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Female Marine Vets Complain That Boot Camp Segregation ‘Reinforces Negative Stereotypes’

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Jonah Bennett Contributor
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Three female Marine veterans are arguing that keeping the genders segregated at boot camp “reinforces negative stereotypes” about the performance of females and treats them as outsiders, which makes them weak and sick.

In an op-ed published Sunday to the military blog Task & Purpose, Kate Hendricks Thomas, Kate Germano and Charlotte Brock made the case that what happens in boot camp, specifically segregation, is so powerful that it scars women’s mental health not only for the rest of their time in the service, but also when they leave the service.

The authors rely mainly on the concept of “stereotype threat” to justify an end to gender segregation in boot camp.

The idea of stereotype threat is that negative stereotypes about a group of people in effect cause that group of people to perform in alignment with said stereotypes.

“From classrooms to combat, performance improves alongside increased expectations,” the authors argue. “The inverse is true of negative expectations: Low expectations result in lowered performance.”

As such, the authors maintain that physiology is not nearly as important as recruiting and training when it comes to explaining why just one of seven women so far have made it past performance tests to combat arms.

“From the moment female recruits enter Marine boot camp, they are trained to a lower standard,” the authors note. “This formalizes expectations that translate to stereotype threats: that they will run more slowly, have weaker upper body strength, and shoot a target with less accuracy than men.”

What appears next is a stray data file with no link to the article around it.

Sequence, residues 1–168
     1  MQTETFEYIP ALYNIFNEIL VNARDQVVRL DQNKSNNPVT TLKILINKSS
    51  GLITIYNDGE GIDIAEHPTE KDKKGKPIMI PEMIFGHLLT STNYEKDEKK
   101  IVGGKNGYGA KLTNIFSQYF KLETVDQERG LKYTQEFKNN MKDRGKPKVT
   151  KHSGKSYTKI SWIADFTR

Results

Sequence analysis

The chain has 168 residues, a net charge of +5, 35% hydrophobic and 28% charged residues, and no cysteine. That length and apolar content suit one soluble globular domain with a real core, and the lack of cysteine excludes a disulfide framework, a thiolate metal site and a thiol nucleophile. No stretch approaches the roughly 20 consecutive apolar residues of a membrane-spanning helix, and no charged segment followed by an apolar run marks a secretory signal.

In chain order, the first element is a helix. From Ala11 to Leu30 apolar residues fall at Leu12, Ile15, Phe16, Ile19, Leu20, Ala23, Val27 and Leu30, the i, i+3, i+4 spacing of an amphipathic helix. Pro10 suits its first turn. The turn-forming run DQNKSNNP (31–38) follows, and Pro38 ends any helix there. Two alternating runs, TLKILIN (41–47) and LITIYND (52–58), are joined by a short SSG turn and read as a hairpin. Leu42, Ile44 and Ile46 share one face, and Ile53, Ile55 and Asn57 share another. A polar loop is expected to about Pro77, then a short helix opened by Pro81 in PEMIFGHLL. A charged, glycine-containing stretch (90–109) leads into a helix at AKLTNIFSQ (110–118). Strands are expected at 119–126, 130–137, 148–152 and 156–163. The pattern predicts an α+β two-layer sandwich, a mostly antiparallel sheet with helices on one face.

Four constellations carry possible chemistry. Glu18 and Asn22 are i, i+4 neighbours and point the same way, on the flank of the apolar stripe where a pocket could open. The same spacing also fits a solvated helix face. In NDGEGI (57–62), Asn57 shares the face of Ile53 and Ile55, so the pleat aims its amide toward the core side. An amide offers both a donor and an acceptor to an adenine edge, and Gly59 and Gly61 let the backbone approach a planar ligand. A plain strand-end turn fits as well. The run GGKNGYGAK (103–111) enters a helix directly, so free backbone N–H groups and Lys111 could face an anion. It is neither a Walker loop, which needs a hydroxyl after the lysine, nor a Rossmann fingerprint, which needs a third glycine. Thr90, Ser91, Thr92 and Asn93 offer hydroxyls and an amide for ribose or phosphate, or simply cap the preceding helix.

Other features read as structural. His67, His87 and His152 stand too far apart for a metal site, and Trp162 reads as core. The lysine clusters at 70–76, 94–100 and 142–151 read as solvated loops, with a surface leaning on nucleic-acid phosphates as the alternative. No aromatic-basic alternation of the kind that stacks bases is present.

Apart from stereotype threat is the allegation that the Marine Corps isn’t recruiting strong enough women, which in turn reinforces the idea that women are weak performers who have trouble even meeting female standards.

While this might support the argument that women should be segregated, for the authors, segregation itself “breeds ill health. Our bodies read exclusion and marginalization as physical threats. Low levels of social support and unit cohesion impact the physical and mental health of military women, driving up rates of stress injury and impairing physical performance.”

Although among the public stereotype threat has become one of the most well-known terms in psychology, the evidence for this phenomenon is incredibly scant. A meta-analysis conducted in 2015 found that in terms of female performance on subjects like math, science, and spatial reasoning, the actual effect of stereotype threat is little different from zero.

Additionally, despite the fact that the authors downplay the importance of physiology, research indicates that males are uniquely selected for combat performance. Notably, males have greater upper body strength, taller bodies, heavier bodies, faster reaction times, more accurate throwing, stronger bones, greater bone density, easier heat dissipation, larger sweat capacity, broader shoulders, greater resistance to dehydration, larger lung capacity and thicker skin, among other advantages.

Since Secretary of Defense Ash Carter decided to open up all combat roles to women in December, the debate has raged over gender segregation in the rigorous Marine Corps boot camp.

After heated back-and-forth exchanges between Secretary of the Navy Ray Mabus, and top-level Marine Corps officials, Mabus in April allowed the Marine Corps to keep boot camp segregated–at least for now.

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